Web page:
The fat BSA single pitters and their competitors from other brands are back on the market. And that while they could not be found for years because they were fairly divided among enthusiasts. There is an explanation for that return of the precursors of the XT500:
The BSA and the knees
The knees of the swinging generation of owners. Because to start a British 500 cc single-cylinder, you need pedaling power for that. And the fat one-pitters - and many more beautiful things - have been cherished within a limited circle for years. They have grown older together with their owners. But at the time that the condition of the fat BSAs and peers got better, the wear and tear on their owners' backs and knees started to creep up. Peter Koelewijn already sang it: "You are getting older daddy".
Everything has its limits
And at a certain point such a British pestle is simply unstoppable. That realization usually has to simmer for a few years, but then someone sometimes wants to decide that it is sometimes better to also end a long, loving relationship. That is why there are now regularly again big British single-cylinder heads. And those are of course not only the motorcycles of BSA, but also those of the other once renowned brands. And that is lucky for the people whose knees have passed the MOT.
500 cc was quite a lot
The BSA B33 is an enlarged version of the 350 cc B31 and with a bore x stroke of 85 x 88 mm an almost "square" engine design. The BSA B33 in its third gear was just as fast as the B31 in fourth gear and the top speed of the half-liter bicycle was about 125 km / h.
With its separate gearbox behind the engine block, this BSA was also an example of classic engine construction. And 500 cc was a very impressive engine capacity at the time. The BSA is a large, almost stately motorcycle. A serious touring machine or sidecar tractor.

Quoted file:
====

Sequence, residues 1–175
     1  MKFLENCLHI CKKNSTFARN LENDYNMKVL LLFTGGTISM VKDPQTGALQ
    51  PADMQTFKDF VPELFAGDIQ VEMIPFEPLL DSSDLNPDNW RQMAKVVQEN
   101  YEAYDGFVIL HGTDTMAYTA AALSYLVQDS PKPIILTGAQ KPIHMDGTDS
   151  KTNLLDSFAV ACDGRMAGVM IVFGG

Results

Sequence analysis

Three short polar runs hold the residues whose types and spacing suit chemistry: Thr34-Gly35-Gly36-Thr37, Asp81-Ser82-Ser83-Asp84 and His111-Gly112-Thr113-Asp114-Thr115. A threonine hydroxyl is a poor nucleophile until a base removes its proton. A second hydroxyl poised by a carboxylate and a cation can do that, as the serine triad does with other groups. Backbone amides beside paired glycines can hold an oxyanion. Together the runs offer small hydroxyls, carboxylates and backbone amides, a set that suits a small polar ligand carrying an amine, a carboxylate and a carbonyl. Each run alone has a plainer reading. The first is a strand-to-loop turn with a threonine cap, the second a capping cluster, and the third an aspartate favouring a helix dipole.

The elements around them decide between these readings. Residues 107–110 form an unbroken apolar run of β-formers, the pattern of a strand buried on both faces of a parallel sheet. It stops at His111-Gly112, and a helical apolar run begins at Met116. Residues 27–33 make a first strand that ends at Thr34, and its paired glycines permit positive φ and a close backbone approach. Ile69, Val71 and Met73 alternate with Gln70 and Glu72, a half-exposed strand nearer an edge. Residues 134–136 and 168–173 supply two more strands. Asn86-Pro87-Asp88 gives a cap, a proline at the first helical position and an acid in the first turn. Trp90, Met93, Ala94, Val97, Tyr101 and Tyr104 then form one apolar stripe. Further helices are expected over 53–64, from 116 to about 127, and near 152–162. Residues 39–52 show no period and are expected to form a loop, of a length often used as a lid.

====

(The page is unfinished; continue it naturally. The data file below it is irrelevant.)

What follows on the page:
Many BSA B models have been made
There are many cherished, preserved and restored. And it is still very easy to drive and maintain a BSA B33. Because there are - also in the Netherlands - a few specialized suppliers who can literally supply all parts just as new, or with experience. And that for the most friendly prices.
Add to that the fact that such a single-seater is technically simple and is key-friendly. Then all you need is a set of 'English' tools, with 'inch sizes', to be able to enjoy the sonorous hum of such an impressive monk for a very long time. As long as your knees allow it.
The range is increasing ...
The question does that less. Because for the most recent generation of classic enthusiasts, a British single-person is simply too old, it falls outside the frame of reference. But the beauty is that the people who are interested in something so beautiful have a certain freedom of choice. And the fact that a choice must then be made between different, usually in excellent condition. machines? Isn't that a problem that we would all like to have?